Therapy for Victims of Neglect and Negligent Caregivers

Help for Neglect


Social worker playing game with toddlerIf an individual shows signs of neglect, including weight loss, poor hygiene, or decreased mental health and well-being, it is important to report it to organizations that can help. Connecting neglected children, adults, or elderly people with resources that can step in to ensure their physical and mental health is being given proper care is often a good first step to stopping neglect.

People who have experienced neglect in the past may have developed mental health issues due to the trauma brought on by being neglected. Talking with a licensed mental health professional can be an important part of helping victims of neglect work through that trauma and improve their quality of life.

Therapy for Neglect

In the United States, there are several organizations that provide support to those who have experienced neglect. Government entities, social service agencies, and mental health professionals across the country offer countless supportive services for people in need.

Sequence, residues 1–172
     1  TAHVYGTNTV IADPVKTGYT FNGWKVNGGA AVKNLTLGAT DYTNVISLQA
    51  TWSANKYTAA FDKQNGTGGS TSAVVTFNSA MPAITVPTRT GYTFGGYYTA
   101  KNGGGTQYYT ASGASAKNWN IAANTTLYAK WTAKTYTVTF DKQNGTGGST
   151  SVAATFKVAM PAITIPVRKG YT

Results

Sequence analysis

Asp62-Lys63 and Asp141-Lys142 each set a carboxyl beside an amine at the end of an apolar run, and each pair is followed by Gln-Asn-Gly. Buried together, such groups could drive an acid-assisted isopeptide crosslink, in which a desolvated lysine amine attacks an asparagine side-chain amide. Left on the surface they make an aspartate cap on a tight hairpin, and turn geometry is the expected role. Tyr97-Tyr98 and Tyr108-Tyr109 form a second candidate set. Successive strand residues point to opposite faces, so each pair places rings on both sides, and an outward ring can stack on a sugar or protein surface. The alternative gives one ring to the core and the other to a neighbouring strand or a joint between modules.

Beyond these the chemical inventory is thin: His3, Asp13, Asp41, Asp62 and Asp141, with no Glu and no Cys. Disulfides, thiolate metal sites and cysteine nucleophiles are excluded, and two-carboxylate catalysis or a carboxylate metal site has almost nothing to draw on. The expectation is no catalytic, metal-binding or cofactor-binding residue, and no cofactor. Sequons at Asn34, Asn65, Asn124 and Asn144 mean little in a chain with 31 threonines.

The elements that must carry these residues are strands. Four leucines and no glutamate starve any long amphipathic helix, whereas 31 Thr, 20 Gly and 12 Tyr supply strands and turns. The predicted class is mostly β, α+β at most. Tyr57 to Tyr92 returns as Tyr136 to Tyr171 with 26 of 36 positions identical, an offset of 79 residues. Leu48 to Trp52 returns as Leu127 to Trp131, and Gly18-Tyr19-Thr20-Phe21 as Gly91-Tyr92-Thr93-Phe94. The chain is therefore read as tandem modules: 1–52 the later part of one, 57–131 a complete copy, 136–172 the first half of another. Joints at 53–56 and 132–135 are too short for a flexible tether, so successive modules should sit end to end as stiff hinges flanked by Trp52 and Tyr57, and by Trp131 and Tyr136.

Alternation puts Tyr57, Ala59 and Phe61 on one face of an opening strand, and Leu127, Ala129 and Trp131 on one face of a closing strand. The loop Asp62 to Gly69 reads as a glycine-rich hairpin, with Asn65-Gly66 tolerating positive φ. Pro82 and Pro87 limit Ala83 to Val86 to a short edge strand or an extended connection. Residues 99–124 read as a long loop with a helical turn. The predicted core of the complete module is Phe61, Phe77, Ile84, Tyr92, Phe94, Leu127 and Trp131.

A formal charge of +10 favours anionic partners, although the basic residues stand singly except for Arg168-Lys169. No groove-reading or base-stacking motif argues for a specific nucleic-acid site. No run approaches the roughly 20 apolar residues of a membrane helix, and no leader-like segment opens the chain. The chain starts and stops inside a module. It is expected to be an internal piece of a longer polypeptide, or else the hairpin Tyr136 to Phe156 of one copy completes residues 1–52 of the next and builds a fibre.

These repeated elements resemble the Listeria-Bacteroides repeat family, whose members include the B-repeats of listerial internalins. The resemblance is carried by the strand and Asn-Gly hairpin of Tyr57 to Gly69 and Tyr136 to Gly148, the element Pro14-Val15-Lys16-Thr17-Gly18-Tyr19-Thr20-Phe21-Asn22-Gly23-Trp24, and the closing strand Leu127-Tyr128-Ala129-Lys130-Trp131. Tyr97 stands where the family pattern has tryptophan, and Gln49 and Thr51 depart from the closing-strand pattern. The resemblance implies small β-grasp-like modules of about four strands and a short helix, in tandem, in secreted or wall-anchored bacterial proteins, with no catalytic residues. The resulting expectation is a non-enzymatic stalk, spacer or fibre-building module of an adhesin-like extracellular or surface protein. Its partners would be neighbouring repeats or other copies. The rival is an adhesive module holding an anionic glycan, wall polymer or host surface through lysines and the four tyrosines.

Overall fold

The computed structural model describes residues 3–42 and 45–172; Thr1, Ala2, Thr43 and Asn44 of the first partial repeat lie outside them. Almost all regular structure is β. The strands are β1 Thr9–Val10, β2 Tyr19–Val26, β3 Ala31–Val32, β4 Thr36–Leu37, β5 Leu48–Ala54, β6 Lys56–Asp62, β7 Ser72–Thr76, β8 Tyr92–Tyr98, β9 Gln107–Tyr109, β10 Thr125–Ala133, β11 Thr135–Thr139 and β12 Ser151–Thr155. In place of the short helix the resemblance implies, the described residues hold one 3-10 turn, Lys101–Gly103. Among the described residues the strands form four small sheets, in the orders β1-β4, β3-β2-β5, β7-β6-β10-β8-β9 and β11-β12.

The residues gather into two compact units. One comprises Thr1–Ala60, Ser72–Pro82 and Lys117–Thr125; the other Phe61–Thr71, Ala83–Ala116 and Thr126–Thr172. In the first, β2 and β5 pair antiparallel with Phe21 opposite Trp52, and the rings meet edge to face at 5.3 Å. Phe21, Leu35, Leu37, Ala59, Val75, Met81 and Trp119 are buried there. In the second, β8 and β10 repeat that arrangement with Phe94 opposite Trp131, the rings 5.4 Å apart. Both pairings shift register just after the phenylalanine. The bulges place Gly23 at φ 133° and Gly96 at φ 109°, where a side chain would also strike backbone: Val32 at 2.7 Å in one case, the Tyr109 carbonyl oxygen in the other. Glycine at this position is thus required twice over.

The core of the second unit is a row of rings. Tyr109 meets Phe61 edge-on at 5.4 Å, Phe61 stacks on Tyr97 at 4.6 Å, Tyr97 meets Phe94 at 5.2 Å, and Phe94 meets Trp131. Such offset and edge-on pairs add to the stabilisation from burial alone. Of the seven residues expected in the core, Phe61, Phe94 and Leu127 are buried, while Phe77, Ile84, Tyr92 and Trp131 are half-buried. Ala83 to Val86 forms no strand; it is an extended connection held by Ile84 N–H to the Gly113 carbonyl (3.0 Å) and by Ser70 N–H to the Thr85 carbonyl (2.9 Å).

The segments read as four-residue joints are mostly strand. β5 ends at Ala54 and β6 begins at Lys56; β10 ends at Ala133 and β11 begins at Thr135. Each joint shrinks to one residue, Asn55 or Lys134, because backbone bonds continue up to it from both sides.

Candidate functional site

Many therapeutic approaches for victims of neglect are also used to work with negligent caretakers. This style of treatment can help ensure the neglect does not continue. There are several therapeutic models that can effectively address issues associated with neglect. These include:

  • Group therapy: Research has shown that group therapy is effective at treating youth who have been neglected and abused. In group therapy, people who have experienced neglect can talk to others who have been through similar circumstances; this process can help normalize and destigmatize the feelings of shame or helplessness they might experience.
  • Trauma-informed care: Trauma-informed care is often used to work with children or elders who have been neglected. It typically requires that the person providing the care has a developed understanding of the type of trauma experienced. Safety, respect, allowing the victim of neglect to control the process, and focusing on the victim’s strengths are also key in trauma-informed care for neglect.
  • Structural family therapy: When neglect stems from dysfunctional family dynamics, addressing the issue through structural family therapy has been found to be an effective approach. This treatment style seeks to address the needs of each family member and the family as a whole and helps the family identify new strategies that will help them cope more effectively and meet the needs of each family member.